Dale Guy Madison is an award-winning educator, LGBTQ activist, playwright, author, filmmaker, performance artist and doll collector. He knows how to show and sell, as one of the first African American hosts of QVC, and the first to produce the African Marketplace shopping hour on the popular shopping network.
For more than 15 years, Madison has worked as a grassroots LGBT activist, using the arts to affect change in the areas of AIDS awareness, substance abuse, community health issues and homophobia. He is the author of “Dreamboy: My Life As a QVC Host,” a memoir – set against the tunes of the 1960s girl group, The Supremes – details his broken relationships, a whirlwind heterosexual marriage; life as an openly gay black actor in Hollywood; his work as a QVC host; and a period of darkness, which found him clinging to life in a mental institution. In addition, he penned “Sissy Sammy in the Land of WeHo 90069,” an adult fairytale about an effeminate boy from the hood, who is bullied, but eventually gets lost in an all-gay town.
Through his production company, DamnGoodMan Productions, he creates, curates and produces culturally-relevant entertainment that embraces positive, empowering messages for the LGBTQ community. His resume of work includes two award-winning short films, “DREAMBOY: My Life as a QVC Host & Other Hits,” based on his memoir, and “The Panty Man.” As a performance artist, Madison has also written and performed two one-man shows, “FREEda SLAVE: Mask of a Diva” and “My Life in 3 Easy Payments.” Both theatrical productions introduce audiences to his drag persona, FREEda SLAVE, which he created for his bit part in the hilarious 1995 comedy, “To Wong Foo, Thanks for Everything! Julie Newmar,” starring Wesley Snipes, Patrick Swayze and John Leguizamo.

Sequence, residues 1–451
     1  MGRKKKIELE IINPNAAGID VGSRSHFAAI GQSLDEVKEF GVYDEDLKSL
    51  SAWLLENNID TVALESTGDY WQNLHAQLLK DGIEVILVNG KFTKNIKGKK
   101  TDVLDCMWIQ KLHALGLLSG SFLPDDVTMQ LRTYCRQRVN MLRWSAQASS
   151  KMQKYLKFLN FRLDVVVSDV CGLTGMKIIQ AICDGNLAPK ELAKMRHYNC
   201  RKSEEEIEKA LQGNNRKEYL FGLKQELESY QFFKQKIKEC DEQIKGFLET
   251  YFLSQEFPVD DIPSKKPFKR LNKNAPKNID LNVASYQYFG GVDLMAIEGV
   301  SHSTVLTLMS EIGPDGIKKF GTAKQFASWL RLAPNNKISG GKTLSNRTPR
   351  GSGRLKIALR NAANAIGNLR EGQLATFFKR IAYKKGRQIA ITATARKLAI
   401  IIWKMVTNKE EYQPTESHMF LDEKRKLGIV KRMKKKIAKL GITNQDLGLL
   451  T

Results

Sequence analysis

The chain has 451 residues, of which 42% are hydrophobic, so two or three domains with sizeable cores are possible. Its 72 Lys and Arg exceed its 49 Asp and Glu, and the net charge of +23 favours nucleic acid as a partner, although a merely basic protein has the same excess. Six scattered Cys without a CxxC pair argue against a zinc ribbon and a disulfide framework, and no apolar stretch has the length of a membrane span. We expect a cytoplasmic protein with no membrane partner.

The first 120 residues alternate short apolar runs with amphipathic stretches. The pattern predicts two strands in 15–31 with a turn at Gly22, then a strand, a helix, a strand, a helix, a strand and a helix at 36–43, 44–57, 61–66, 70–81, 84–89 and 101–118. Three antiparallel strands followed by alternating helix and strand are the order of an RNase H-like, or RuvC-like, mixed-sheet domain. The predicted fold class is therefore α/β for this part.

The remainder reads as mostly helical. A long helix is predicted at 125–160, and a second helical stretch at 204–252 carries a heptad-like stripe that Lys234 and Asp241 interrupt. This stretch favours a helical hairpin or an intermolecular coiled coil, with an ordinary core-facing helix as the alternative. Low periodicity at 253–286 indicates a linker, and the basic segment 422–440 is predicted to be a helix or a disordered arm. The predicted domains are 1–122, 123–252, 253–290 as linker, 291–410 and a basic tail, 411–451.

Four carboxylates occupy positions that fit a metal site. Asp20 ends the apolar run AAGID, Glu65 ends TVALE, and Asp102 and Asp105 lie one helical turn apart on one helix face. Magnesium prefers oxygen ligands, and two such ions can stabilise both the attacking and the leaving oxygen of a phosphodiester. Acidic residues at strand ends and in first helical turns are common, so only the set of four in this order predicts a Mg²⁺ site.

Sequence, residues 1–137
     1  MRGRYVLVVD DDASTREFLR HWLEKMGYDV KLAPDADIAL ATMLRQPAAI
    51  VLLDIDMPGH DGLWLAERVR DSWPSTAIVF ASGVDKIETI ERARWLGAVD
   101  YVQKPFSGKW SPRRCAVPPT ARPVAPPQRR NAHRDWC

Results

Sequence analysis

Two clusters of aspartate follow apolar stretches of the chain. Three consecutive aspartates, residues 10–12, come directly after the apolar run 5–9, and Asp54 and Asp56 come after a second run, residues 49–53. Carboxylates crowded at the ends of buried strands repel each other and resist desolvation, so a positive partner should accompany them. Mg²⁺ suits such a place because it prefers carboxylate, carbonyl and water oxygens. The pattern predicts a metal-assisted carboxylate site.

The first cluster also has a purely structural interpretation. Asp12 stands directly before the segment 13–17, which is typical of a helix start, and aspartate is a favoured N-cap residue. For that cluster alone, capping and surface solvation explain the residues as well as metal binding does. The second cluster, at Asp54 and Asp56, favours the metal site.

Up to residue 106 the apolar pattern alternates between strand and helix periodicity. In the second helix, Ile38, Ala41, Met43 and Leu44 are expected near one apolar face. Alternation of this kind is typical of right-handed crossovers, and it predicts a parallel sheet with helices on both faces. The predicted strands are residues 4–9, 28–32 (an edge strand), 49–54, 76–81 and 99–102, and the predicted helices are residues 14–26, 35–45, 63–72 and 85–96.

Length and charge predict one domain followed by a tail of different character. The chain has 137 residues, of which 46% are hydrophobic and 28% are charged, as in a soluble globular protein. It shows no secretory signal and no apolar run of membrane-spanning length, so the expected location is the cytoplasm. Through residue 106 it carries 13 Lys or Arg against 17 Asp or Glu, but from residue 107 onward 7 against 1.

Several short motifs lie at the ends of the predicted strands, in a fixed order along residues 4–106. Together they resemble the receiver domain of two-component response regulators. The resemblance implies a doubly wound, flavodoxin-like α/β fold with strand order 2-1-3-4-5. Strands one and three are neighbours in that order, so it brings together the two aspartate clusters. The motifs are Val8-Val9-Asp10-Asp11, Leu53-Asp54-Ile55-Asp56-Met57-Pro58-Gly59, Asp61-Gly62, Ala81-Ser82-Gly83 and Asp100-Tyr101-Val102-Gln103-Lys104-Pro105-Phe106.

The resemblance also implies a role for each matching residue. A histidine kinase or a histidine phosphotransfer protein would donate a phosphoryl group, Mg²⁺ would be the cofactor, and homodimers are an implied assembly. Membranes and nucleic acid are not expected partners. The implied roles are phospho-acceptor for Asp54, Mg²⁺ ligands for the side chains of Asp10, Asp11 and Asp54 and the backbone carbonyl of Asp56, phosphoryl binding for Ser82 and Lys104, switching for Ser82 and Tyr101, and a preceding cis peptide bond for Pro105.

Fun fact: Dale Guy Madison is an avid doll collector, and his own line of handmade African dolls sold out in five minutes on QVC! Because of the exposure on QVC, the Baltimore native became a nationally-recognized doll designer, and traveled around the country, promoting African art. Recently, his doll collections was exhibited at the William Grant Still Arts Center in Los Angeles from December 2017 through February 2018 as part of its 37th annual Black Doll Show, titled “Jubilee, Celebrations in Color.”
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